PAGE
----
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What Must a Seller Disclose About Property Defects?

William B. Hanley, Attorney At Law March 28, 2022

The California real estate market has been rising rapidly in valuations since the onset of the pandemic and low-interest-rate mortgages. The California Association of Realtors (C.A.R.) reports that the median home price in 2022 is set to rise 5.2% to $834,400 after a projected 20.3 percent raise to $793,100 in 2021 from 2020.

With home values so high in the Golden State, and given the fact that a home is the biggest investment most people will ever make, are there any protections in place to prevent you from purchasing a home that drains your pocketbook with fixes that you never anticipated?

Fortunately, California has strong laws in place to protect buyers and require sellers to reveal defects before they sell their property. How many buyers actually take the time to examine the Transfer Disclosure Statement (TDS) required by law? Or is it just another ream of paper that passes almost unnoticed to the buyer?

If sellers fail to disclose defects and their property is sold, the buyer can have recourse to recover any losses or damages resulting from trying to hide structural issues or other problems. The buyer also has an obligation to carefully read every document, including the TDS, and to conduct inspections of the property before purchase.

If you’re buying or selling a residence in or around Irvine, California, or anywhere in the counties of Orange, Los Angeles, or San Diego, contact William B. Hanley, Attorney at Law to help you exercise due diligence in the transaction and protect yourself from possible legal actions. William B. Hanley, Attorney at Law has over forty years of experience in real estate law and can help you make sure your sale or purchase is going through in the proper way.

California Disclosure Laws

California Civil Code requires sellers of homes in the state to complete what is called the Real Estate Transfer Disclosure Statement (TDS), listing any potential or real defects in the property that is being sold.

The code is a bit ambivalent about when the TDS must be presented to a prospective buyer, saying only that it should be done “as soon as practicable and before the transfer of title.” The buyer then has “three days after delivery of the disclosure in person or five days after delivery by deposit in the United States mail to terminate the offer or the agreement by delivering a written notice of termination to the seller or the seller’s agent.”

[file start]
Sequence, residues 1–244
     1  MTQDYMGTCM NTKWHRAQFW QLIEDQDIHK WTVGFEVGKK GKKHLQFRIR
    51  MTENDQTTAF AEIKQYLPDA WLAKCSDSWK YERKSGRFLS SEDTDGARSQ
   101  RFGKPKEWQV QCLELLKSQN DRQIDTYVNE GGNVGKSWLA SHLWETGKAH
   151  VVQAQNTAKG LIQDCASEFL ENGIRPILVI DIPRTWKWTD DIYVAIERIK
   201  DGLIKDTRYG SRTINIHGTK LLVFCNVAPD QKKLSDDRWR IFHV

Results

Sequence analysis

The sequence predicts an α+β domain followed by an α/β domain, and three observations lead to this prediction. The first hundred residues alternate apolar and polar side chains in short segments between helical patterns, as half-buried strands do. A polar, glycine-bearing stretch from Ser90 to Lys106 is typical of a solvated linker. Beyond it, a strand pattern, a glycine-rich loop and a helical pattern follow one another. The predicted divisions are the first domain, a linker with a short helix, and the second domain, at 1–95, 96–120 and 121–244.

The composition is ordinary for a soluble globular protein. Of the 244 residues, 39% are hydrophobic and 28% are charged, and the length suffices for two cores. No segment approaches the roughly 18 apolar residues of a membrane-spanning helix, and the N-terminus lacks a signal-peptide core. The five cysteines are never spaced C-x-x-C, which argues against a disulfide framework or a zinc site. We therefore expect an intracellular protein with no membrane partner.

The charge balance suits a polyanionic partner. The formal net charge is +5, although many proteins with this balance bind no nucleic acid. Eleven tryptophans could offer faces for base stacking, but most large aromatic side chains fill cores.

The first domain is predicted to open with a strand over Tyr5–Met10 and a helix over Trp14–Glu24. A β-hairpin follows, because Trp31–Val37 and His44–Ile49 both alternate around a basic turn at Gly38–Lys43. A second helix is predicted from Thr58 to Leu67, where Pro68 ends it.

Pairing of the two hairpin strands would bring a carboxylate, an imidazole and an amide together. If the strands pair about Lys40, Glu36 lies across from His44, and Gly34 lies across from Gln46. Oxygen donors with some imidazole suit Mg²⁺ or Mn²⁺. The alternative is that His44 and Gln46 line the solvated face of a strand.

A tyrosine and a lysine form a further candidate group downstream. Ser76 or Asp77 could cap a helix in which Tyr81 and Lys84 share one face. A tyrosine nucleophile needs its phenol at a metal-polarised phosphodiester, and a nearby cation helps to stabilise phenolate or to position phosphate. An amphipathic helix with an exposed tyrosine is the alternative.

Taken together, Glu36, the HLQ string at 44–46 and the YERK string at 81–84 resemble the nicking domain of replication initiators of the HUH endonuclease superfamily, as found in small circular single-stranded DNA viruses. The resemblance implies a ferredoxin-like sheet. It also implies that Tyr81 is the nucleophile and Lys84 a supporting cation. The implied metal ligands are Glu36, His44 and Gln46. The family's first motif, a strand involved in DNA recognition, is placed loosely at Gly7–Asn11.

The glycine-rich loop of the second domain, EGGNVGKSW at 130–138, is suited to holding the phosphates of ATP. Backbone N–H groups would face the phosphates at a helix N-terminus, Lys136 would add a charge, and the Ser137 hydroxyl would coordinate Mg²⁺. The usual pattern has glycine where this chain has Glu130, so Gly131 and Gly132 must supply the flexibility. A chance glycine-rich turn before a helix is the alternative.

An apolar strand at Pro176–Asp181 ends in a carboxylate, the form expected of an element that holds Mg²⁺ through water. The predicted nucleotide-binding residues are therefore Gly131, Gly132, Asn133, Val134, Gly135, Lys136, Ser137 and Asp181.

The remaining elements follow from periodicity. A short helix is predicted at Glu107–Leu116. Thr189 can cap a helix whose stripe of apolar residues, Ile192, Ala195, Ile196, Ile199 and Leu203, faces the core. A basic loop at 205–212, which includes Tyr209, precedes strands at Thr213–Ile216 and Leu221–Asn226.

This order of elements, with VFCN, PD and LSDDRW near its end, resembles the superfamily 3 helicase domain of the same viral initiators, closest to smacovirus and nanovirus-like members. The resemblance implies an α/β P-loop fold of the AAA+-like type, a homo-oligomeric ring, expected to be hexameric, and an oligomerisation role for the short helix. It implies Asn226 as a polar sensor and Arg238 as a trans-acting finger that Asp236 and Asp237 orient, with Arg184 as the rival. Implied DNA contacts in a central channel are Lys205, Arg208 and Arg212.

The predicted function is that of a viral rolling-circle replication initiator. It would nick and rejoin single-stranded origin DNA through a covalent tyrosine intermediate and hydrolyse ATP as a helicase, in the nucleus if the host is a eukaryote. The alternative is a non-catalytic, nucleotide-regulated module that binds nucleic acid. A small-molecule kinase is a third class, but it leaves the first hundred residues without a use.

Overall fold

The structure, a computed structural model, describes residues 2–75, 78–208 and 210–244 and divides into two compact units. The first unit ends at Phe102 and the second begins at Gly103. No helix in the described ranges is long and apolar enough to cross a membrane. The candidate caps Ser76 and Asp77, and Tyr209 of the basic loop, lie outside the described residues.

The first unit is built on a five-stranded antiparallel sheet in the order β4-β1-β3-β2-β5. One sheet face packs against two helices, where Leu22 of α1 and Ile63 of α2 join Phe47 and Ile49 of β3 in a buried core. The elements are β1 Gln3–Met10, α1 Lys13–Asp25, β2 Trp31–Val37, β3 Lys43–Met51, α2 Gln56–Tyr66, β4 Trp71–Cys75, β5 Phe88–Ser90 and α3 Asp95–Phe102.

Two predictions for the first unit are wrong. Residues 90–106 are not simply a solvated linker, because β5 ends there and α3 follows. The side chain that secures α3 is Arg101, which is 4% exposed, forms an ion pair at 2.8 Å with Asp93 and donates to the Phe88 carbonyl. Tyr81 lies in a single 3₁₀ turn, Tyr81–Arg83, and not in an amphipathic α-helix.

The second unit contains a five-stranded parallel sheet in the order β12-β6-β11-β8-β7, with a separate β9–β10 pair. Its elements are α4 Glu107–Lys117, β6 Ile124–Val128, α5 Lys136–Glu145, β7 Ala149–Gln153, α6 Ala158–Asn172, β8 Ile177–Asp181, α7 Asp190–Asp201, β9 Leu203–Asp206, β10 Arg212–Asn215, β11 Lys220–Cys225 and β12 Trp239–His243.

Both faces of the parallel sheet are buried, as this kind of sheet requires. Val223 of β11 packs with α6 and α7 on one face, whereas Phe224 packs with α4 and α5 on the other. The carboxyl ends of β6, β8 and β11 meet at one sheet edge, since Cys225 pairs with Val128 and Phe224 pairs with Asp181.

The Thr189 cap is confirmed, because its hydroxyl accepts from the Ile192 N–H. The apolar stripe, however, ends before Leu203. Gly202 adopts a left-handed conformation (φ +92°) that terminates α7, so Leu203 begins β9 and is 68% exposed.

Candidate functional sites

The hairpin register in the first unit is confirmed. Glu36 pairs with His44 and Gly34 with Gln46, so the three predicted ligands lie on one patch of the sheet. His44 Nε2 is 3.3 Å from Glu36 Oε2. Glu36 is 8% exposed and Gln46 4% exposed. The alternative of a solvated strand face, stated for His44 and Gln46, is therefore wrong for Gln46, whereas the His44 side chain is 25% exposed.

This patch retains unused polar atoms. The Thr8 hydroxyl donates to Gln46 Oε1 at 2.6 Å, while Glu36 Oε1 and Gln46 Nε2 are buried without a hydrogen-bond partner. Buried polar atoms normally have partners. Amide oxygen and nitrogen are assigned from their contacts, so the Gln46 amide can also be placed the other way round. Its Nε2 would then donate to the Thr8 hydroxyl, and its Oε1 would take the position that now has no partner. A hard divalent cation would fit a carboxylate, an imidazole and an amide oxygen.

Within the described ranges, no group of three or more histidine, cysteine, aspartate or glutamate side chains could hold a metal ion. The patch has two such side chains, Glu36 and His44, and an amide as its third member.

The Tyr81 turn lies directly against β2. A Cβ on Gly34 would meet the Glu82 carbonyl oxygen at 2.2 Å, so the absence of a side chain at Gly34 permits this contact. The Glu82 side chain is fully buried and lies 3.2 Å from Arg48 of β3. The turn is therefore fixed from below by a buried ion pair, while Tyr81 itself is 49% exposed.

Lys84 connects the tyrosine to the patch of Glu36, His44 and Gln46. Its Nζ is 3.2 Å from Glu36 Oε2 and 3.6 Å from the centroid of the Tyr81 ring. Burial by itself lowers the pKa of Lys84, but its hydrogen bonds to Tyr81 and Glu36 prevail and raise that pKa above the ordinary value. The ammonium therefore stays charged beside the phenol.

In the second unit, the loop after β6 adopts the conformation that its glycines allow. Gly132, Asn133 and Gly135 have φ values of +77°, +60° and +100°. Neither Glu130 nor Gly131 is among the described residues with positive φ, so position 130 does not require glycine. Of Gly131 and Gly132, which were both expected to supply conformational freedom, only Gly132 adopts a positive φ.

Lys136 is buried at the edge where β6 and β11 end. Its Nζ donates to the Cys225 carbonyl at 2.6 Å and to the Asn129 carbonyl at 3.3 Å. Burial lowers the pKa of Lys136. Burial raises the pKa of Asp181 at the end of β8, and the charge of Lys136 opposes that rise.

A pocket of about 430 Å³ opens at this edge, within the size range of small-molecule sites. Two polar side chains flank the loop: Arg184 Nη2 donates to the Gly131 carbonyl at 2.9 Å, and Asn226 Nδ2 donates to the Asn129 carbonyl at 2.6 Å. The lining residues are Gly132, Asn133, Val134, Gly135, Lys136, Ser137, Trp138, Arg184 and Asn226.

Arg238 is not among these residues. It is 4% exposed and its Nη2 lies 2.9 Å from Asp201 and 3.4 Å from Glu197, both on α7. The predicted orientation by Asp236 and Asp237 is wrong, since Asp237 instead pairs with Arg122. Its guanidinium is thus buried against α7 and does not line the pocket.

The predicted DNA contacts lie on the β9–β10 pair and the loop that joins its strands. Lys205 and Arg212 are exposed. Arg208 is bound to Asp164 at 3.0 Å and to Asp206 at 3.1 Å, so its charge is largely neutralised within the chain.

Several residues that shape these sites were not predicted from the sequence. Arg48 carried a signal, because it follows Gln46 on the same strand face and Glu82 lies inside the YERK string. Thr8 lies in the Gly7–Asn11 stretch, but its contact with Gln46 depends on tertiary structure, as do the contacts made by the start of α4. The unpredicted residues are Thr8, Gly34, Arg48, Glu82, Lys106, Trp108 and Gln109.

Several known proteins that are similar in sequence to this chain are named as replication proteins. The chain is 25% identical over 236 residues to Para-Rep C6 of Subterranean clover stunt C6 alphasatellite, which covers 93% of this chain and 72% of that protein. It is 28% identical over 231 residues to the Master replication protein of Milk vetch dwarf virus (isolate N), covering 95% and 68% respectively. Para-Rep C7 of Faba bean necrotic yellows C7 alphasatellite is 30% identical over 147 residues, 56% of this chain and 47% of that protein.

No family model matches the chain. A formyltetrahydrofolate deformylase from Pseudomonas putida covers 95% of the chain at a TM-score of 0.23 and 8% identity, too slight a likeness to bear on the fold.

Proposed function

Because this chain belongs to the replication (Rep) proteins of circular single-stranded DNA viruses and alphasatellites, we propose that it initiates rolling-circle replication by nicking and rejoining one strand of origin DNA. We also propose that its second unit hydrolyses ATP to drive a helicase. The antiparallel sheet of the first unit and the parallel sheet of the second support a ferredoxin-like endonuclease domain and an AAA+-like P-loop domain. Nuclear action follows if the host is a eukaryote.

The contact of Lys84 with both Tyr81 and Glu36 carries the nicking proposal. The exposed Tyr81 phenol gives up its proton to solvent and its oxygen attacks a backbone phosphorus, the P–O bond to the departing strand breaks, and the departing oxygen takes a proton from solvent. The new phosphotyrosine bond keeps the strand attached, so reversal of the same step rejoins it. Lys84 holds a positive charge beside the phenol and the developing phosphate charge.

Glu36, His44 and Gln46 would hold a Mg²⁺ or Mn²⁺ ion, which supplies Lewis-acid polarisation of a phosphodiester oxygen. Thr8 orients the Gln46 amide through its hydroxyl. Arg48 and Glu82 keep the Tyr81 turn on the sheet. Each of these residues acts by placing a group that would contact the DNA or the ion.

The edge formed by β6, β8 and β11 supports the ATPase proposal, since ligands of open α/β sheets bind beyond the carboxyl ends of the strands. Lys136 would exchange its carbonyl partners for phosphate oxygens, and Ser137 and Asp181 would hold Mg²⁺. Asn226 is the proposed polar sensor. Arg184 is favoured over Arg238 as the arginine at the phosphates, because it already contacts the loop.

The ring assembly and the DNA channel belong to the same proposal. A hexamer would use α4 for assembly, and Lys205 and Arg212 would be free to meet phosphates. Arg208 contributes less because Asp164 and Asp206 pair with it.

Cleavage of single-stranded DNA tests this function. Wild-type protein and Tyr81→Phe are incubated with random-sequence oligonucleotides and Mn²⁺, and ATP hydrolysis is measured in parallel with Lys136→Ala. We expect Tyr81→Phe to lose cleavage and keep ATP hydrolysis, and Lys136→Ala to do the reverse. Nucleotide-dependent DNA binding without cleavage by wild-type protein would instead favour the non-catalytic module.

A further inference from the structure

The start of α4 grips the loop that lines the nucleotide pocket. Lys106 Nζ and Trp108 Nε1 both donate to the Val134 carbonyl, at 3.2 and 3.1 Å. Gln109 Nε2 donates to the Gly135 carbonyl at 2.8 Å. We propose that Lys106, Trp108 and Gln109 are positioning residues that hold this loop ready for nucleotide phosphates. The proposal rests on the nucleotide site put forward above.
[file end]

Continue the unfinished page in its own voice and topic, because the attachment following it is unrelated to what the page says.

The TDS is required for the sale or exchange of real property of one to four dwelling units, including mobile homes. Exemptions exist for foreclosure sales, court-ordered transfers, transfers of a decedent’s estate, transfers from a dissolution of marriage, transfers from one co-owner to another, or the sale of new homes in a subdivision when a public report must be delivered to the purchaser, among a few other exceptions.

The TDS consists largely of a series of checkboxes where the seller can note “any significant defects/malfunctions” in the property being sold. Failure to disclose a known defect can expose the seller to legal liability once the deal closes. The checkboxes range from interior walls and ceilings to plumbing and electrical systems and other structural components. 

For instance, if there’s a leaky roof and the seller paints over the damage to the area and then doesn’t disclose it on the TDS, the buyer can then hold the seller liable to repair the roof once the leak becomes apparent and for damages.

Prospective buyers also should conduct their own due diligence by having a professional home inspector examine the property prior to purchase and make repairing any defects a part of the purchase agreement.

Of course, property insurance, home warranties, and homeowner associations (HOAs) may also be involved in the repair of any defect and resulting damages, but that does not relieve the seller of their disclosure responsibilities.

Getting Experienced Legal Guidance

Buying a home is a huge investment, probably the biggest most people will ever make, so it is incumbent on the buyer to make sure there aren’t any hidden defects or problems with the property they’re purchasing. Likewise, the seller must not deliberately hide any defects or they could be exposed to costly legal damages for repairs, maybe even the rescission of the sale.

If you’re involved in a real estate transaction anywhere in the counties of Orange, San Diego, or Los Angeles, contact William B. Hanley, Attorney at Law to advise and guide you on every step of the process, especially when it comes to reading the many documents involved to see if you’re fully protected.